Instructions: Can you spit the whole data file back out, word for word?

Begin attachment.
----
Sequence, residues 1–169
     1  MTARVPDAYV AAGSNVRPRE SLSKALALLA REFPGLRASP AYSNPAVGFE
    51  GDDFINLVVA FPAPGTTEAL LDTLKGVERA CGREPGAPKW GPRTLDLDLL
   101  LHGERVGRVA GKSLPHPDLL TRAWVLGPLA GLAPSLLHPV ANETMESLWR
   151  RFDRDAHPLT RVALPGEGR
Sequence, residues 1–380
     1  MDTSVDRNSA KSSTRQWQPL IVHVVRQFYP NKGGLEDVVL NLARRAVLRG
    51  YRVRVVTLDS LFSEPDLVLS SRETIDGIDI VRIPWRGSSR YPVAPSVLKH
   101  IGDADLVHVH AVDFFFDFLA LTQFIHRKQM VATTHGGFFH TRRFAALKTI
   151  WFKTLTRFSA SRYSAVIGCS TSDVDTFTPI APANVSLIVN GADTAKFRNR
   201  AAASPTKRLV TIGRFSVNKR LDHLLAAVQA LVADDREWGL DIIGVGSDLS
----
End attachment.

Sequence, residues 1–169
     1  MTARVPDAYV AAGSNVRPRE SLSKALALLA REFPGLRASP AYSNPAVGFE
    51  GDDFINLVVA FPAPGTTEAL LDTLKGVERA CGREPGAPKW GPRTLDLDLL
   101  LHGERVGRVA GKSLPHPDLL TRAWVLGPLA GLAPSLLHPV ANETMESLWR
   151  RFDRDAHPLT RVALPGEGR
Sequence, residues 1–380
     1  MDTSVDRNSA KSSTRQWQPL IVHVVRQFYP NKGGLEDVVL NLARRAVLRG
    51  YRVRVVTLDS LFSEPDLVLS SRETIDGIDI VRIPWRGSSR YPVAPSVLKH
   101  IGDADLVHVH AVDFFFDFLA LTQFIHRKQM VATTHGGFFH TRRFAALKTI
   151  WFKTLTRFSA SRYSAVIGCS TSDVDTFTPI APANVSLIVN GADTAKFRNR
   201  AAASPTKRLV TIGRFSVNKR LDHLLAAVQA LVADDREWGL DIIGVGSDLS